Efficient Online Testing for DNN-Enabled Systems using Surrogate-Assisted and Many-Objective Optimization

Fitash Ul Haq, Donghwan Shin, and Lionel Briand

ICSE '22: Proceedings of the 44th International Conference on Software Engineering

https://doi.org/10.1145/3510003.3510188 (Open Access)


With the recent advances of Deep Neural Networks (DNNs) in real-world applications, such as Automated Driving Systems (ADS) for self-driving cars, ensuring the reliability and safety of such DNN-enabled Systems emerges as a fundamental topic in software testing. One of the essential testing phases of such DNN-enabled systems is online testing, where the system under test is embedded into a specific and often simulated application environment (e.g., a driving environment) and tested in a closed-loop mode in interaction with the environment.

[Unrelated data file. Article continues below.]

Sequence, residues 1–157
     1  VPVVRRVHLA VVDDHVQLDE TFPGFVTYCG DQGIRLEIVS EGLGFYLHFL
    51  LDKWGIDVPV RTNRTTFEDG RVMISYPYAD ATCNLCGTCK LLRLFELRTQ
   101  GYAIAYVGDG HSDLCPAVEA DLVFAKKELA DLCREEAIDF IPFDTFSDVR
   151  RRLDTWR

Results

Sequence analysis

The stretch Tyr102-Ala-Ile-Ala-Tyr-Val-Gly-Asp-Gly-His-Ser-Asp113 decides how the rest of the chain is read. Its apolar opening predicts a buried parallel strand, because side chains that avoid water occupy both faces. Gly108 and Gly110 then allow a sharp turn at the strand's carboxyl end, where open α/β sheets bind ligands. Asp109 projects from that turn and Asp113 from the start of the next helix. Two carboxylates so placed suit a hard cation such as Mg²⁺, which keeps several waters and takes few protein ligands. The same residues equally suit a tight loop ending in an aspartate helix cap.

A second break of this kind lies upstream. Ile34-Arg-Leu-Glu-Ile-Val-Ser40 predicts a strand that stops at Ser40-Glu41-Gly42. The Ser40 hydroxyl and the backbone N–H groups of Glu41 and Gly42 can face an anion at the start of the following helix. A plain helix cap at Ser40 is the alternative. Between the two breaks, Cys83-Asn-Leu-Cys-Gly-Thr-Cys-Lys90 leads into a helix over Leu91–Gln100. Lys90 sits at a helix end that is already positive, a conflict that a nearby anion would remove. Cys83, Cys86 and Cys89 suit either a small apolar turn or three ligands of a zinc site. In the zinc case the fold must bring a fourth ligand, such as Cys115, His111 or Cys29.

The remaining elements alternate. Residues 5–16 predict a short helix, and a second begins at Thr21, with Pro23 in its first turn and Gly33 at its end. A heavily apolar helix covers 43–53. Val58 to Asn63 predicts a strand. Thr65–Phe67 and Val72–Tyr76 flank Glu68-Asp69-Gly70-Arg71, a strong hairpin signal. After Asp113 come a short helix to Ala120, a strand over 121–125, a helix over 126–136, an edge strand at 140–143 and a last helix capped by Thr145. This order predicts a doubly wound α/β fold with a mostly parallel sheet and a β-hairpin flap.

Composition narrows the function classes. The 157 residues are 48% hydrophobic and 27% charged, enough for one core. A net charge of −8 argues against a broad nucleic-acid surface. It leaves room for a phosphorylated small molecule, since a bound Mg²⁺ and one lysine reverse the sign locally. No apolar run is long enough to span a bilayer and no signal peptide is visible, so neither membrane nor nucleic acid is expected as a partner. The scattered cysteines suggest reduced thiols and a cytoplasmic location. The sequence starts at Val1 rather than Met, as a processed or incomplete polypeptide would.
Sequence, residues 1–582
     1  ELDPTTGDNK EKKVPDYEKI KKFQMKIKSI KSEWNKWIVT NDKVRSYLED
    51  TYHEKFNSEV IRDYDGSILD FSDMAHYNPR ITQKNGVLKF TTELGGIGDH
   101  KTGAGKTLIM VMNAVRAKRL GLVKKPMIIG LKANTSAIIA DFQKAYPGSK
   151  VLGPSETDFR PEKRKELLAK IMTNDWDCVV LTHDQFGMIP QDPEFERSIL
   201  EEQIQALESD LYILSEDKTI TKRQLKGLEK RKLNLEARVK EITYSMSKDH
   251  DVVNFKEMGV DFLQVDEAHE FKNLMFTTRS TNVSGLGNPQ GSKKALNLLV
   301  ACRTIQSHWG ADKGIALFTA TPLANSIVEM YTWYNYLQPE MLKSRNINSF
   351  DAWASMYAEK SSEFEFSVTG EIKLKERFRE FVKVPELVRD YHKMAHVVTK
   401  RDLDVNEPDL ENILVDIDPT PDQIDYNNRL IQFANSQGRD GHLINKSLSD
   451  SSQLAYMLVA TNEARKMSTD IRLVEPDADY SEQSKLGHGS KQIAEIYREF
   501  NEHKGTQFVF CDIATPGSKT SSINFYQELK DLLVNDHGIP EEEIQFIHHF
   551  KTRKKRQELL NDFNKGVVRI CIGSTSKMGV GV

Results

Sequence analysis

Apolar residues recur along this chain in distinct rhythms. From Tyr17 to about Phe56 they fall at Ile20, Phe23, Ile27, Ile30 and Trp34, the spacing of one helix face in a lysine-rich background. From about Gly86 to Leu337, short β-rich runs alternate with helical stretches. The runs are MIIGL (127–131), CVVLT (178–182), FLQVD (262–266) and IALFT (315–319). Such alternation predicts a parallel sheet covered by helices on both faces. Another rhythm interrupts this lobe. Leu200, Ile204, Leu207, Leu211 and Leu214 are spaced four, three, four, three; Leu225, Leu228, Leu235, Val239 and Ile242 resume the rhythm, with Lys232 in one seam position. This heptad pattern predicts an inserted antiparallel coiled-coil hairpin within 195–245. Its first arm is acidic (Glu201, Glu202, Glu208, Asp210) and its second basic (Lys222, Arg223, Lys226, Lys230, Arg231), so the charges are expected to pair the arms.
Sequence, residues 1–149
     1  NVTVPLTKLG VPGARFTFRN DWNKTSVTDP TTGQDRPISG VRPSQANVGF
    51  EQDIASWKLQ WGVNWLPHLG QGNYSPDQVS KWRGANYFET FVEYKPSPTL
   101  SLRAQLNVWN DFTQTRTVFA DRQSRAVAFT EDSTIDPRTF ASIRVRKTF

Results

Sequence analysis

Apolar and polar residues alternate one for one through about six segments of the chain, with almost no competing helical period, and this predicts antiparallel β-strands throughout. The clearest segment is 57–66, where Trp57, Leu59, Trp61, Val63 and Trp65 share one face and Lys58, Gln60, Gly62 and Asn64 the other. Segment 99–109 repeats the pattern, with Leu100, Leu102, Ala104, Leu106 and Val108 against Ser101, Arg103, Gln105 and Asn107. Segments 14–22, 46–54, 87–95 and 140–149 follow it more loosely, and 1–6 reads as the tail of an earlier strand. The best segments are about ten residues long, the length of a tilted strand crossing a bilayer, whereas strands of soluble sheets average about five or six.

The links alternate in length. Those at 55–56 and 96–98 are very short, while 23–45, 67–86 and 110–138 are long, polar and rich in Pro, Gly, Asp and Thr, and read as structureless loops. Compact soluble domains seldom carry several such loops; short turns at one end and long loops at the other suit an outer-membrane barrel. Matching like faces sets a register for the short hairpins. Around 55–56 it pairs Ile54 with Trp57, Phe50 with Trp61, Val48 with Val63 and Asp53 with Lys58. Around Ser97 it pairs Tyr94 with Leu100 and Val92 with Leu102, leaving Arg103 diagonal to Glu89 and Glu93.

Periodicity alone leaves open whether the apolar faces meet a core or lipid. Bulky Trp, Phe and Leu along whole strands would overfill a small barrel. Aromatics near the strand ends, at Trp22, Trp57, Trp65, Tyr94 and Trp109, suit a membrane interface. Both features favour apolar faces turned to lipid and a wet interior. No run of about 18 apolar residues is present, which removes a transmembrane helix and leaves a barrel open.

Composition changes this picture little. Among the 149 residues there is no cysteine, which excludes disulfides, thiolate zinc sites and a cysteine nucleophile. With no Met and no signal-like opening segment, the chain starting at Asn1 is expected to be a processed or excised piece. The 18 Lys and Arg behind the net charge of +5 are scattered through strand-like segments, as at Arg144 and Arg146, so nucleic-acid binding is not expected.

However, despite the importance of online testing for detecting safety violations, automatically generating new and diverse test data that lead to safety violations presents the following challenges: (1) there can be many safety requirements to be considered at the same time, (2) running a high-fidelity simulator is often very computationally-intensive, and (3) the space of all possible test data that may trigger safety violations is too large to be exhaustively explored. 

In this paper, we address the challenges by proposing a novel approach, called SAMOTA (Surrogate-Assisted Many-Objective Testing Approach), extending existing many-objective search algorithms for test suite generation to efficiently utilize surrogate models that mimic the simulator, but are much less expensive to run. Empirical evaluation results on Pylot, an advanced ADS composed of multiple DNNs, using CARLA, a high-fidelity driving simulator, show that SAMOTA is significantly more effective and efficient at detecting unknown safety requirement violations than state-of-the-art many-objective test suite generation algorithms and random search. In other words, SAMOTA appears to be a key enabler technology for online testing in practice.